A large number of epidemiological studies have addressed the possible protective effect of antiinflammatory drug use with regard to Alzheimer's disease (AD) (McGeer et al., 1996). The most convincing of these studies— the Baltimore Longitudinal Study of Aging—utilized data collected prospectively, thereby minimizing recall bias issues. Corroborated by related studies, their results indicated a protective effect from the use of non-steroidal antiinflammatory drugs (NSAIDs) (Stewart et al., 1997). Available intervention studies support the beneficial efficacy of NSAIDs in AD. One small controlled trial of the NSAID indomethacin suggested that the drug slowed cognitive deterioration (Rogers et al., 1993). Recently, a small controlled trial of diclofenac showed similar results (although not statistically significant because of a high drop-out rate) (Scharf et al., 1999).
Evidence indicates that inflammatory mechanisms are activated in AD. For example, it has been found that amyloid plaques are surrounded by reactive microglia (as well as astrocytes), which have the characteristics of antigen-presenting tissue macrophages, including HLA-DR surface markers. In addition, there is clear evidence of an acute phase response (Vandenabeele et al., 1991), with upregulation of inflammatory cytokines, such as IL-1 and IL-6, and tumor necrosis factor (TNF)a, accompanied by an increase in acute phase proteins, such as a1-antichymotrypsin (ACT) and a2 macroglobulin (a2M). Further, there is an active complement system in the AD brain (Pasinetti, 1996) with generation of the lytic membrane attack complex (Webster et al., 1997) and, presumably, with release of anaphylatoxins. Our previous finding (Oda et al., 1995), showing that complement components potentiate amyloid neurotoxicity in vitro, is consistent with the evidence that overexpression of the inflammatory cytokine IL-6 in the brain leads to neurodegeneration (Campbell et al., 1993). Finally, upregulation of cyclooxygenase (COX)-2, but not COX-1, in AD neurons (Pasinetti et al., 1998) suggests that inflammatory lipids may also be involved in the pathogenesis of the disease (Pasinetti et al., 1998). However, it remains uncertain whether the inflammatory mechanisms actually cause damage in AD or are merely present to remove the debris of the neurodegenerative events (Aisen, 1997; Pasinetti, 1998).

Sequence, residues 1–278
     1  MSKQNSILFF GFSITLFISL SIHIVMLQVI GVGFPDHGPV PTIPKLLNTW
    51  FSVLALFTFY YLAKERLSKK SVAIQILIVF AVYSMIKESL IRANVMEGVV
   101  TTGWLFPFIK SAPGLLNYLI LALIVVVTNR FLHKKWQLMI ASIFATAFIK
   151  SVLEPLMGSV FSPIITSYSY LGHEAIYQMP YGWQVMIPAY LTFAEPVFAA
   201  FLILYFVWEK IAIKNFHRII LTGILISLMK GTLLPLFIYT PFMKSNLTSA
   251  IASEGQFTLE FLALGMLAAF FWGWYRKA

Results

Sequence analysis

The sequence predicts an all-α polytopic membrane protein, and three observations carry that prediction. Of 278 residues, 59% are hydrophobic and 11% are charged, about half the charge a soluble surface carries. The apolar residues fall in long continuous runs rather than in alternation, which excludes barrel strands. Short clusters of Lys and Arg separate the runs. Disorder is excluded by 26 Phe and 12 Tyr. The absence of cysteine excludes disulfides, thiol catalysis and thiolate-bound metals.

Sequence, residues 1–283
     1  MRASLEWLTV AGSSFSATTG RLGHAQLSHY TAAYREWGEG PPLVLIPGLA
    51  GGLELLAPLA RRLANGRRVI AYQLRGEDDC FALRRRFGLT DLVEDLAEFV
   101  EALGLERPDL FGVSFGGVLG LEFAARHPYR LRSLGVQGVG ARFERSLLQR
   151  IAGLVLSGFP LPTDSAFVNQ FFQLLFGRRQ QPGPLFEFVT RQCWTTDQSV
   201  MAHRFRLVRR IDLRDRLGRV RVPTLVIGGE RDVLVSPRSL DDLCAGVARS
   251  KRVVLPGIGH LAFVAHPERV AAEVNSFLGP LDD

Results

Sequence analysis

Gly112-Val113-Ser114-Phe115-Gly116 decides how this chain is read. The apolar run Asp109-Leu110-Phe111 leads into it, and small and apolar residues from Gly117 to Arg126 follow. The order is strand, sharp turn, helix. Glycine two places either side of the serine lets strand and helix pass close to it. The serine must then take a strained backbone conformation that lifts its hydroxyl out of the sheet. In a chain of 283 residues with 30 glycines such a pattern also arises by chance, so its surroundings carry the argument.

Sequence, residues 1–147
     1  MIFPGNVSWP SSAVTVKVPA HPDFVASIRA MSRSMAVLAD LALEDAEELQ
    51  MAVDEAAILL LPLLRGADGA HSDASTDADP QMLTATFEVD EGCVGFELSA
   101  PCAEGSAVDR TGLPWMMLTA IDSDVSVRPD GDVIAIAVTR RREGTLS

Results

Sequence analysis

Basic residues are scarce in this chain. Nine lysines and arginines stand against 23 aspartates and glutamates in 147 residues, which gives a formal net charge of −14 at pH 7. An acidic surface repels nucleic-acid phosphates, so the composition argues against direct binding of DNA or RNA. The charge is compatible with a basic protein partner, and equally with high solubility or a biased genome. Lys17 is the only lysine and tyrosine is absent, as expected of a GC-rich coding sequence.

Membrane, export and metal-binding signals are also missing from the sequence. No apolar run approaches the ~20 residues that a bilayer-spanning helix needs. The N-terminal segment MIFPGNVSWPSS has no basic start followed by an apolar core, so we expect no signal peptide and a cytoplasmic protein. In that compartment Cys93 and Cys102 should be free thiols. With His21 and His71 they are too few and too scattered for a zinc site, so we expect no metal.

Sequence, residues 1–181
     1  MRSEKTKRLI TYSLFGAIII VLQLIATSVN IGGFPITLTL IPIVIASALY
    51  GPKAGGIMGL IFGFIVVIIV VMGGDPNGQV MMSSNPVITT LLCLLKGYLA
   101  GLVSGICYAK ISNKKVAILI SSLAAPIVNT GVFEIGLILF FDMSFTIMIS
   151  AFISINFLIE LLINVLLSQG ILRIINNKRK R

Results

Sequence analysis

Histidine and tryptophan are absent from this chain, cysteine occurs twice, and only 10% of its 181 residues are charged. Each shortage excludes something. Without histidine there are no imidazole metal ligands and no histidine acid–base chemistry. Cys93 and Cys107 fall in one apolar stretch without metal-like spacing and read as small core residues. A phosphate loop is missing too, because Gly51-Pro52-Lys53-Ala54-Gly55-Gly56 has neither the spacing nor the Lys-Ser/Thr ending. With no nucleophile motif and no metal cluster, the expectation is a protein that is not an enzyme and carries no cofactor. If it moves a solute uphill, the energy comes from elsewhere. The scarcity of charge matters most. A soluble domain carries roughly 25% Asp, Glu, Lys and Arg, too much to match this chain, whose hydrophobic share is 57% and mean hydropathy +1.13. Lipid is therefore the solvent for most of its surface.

In this chapter, new research directions, which address possible contributions of COX to AD neurodegeneration, are outlined. In particular, recent evidence is discussed, suggesting that neuronal COX-2 in the brain might influence neurodegeneration by promoting abortive attempts to re-enter the cell cycle. In addition, potential interventions are discussed, designed to control mechanisms in neurodegeneration in which COX is implicated. These considerations are critical to the understanding of the role of inflammation in the clinical progression of AD.
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